The Guardian splash that the Chilcot inquiry is “incapable of addressing … whether the invasion of Iraq was legal” because it does not include a single judge or lawyer. The claim was dismissed as “rubbish” by Lord Falconer on the Today programme. Dame Rosalyn Higgins, former judge and president of the international court of justice, is to be a legal adviser to the panel. Military commanders are expected to say that the invasion was ill-conceived but senior officials – due to give evidence today – fear, according to the FT, that the inquiry will once again shine an unflattering light on the secretive and unvarnished workings of the diplomatic, military and intelligence establishment. The Independent reports that Iraqis who claim to have been tortured and abused and their family members murdered believe the inquiry must include the treatment of prisoners and detainees. The paper also features a photograph which claims to show Iraqi civilians captured in southern Iraq being mistreated by British soldiers in breach of international law and the Geneva Conventions.
The FT report that “Gordon Brown and David Cameron clashed over plans to tackle Britain’s budget deficit” at a CBI conference. Cameron announced £5 billion of business tax cuts to be “paid for by scrapping complex reliefs and allowance”. The Mirror reports that “David Cameron was left embarrassed last night after his plans for cutting Britain’s debt were savaged by the International Monetary Fund.” Managing Director Dominique Strauss-Kahn said, “We recommend erring on the side of caution, as exiting [from stimulus plans] too early is costlier than exiting too late.” But Richard Lambert of the CBI said there was little difference between Labour and Tory plans. Meanwhile, Polly Toynbee highlights a new report by Compass which calls for popular new measures to raise £46.8 billion in additional tax revenue – primarily from the wealthy. George Osborne is expected to make a speech today on creating “green recovery.”
The Independent reports that Gordon Brown is facing a backbench rebellion by Labour MPs who are demanding an exit strategy from Afghanistan is announced by January. Seventeen MPs, including nine Labour members, have taken the unusual step of tabling an amendment to the Queen’s Speech to force a vote on the need for a timetable for handing over security to the Afghan army and police. Frank Field said: “This would strengthen the hand of the British Government. It cannot hold the line while President Obama decides on his strategy.”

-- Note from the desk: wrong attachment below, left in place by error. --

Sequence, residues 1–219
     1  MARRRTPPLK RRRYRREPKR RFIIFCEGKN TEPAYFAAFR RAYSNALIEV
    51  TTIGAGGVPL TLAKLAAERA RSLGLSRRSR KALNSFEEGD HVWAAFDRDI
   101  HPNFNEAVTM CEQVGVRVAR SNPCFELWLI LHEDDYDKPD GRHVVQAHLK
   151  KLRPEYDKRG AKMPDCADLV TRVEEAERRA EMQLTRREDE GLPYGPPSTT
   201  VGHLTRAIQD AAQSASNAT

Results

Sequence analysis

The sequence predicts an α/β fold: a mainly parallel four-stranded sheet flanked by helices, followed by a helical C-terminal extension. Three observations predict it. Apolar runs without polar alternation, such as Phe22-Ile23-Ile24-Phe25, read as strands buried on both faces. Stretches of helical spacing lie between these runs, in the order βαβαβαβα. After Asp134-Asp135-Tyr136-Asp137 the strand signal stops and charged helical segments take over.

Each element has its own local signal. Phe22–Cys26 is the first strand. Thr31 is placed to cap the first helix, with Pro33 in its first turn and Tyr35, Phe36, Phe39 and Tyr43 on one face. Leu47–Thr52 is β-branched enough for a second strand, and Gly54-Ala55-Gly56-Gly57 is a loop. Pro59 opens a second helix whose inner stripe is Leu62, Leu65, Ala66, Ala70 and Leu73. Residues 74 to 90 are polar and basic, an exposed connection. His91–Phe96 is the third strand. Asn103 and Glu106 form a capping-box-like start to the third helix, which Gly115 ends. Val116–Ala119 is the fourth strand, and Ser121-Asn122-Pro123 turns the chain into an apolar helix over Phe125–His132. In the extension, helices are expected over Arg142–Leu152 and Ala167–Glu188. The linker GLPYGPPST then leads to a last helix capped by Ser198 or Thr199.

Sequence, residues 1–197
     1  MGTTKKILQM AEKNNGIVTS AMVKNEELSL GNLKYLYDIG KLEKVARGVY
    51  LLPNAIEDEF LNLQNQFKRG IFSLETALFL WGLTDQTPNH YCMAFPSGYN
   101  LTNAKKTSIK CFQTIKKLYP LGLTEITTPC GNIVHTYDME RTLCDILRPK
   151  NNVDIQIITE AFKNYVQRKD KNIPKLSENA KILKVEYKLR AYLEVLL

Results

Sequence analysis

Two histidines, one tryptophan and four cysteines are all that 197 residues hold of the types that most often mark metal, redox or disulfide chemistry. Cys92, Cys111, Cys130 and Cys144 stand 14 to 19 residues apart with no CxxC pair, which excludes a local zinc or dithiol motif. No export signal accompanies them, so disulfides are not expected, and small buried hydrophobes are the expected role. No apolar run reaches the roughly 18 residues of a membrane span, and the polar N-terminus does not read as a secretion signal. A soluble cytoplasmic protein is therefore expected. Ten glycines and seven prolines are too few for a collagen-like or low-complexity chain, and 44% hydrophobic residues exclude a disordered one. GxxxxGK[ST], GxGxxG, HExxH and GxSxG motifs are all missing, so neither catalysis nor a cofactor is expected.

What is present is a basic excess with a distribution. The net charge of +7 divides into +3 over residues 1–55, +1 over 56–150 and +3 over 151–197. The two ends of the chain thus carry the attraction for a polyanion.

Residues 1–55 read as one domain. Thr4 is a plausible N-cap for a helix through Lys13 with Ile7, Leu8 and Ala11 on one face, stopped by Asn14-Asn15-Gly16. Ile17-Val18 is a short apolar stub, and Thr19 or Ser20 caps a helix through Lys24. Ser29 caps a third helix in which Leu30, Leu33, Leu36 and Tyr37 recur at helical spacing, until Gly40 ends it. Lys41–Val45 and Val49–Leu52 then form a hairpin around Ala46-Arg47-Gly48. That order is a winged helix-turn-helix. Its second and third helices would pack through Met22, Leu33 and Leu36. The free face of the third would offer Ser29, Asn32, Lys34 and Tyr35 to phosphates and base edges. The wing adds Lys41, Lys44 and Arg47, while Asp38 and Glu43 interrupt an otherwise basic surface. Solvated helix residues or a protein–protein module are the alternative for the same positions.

Prosecutors have been asked to consider charging four parliamentarians in relation to expenses abuses. The politicians could face charges of fraud or false accounting, with maximum penalties of 10 or seven years. The Independent lists the politicians believed to have been investigated by detectives as Labour MPs Elliot Morley, David Chaytor and Jim Devine, Labour peers Baroness Uddin and Lord Clarke of Hampstead and the Tory peer Lord Hanningfield. Richard Spring, Conservative MP for West Suffolk, became the latest to announce he would step down at the general election. More than 100 MPs will not be defending their seats.
The NY Times and Washington Post announce that the US will set an emissions target before the Copenhagen climate talks. An official said that Mr. Obama would have had a stronger hand at Copenhagen if Congress had already acted on climate change legislation, but that the debate on health care had blocked it. Senator John Kerry said that a credible target could be 17 to 20 percent below 2005 levels. The Guardian reports that the US is the only major industrialised country that has yet to reveal its emissions reduction plan.
Leave a Reply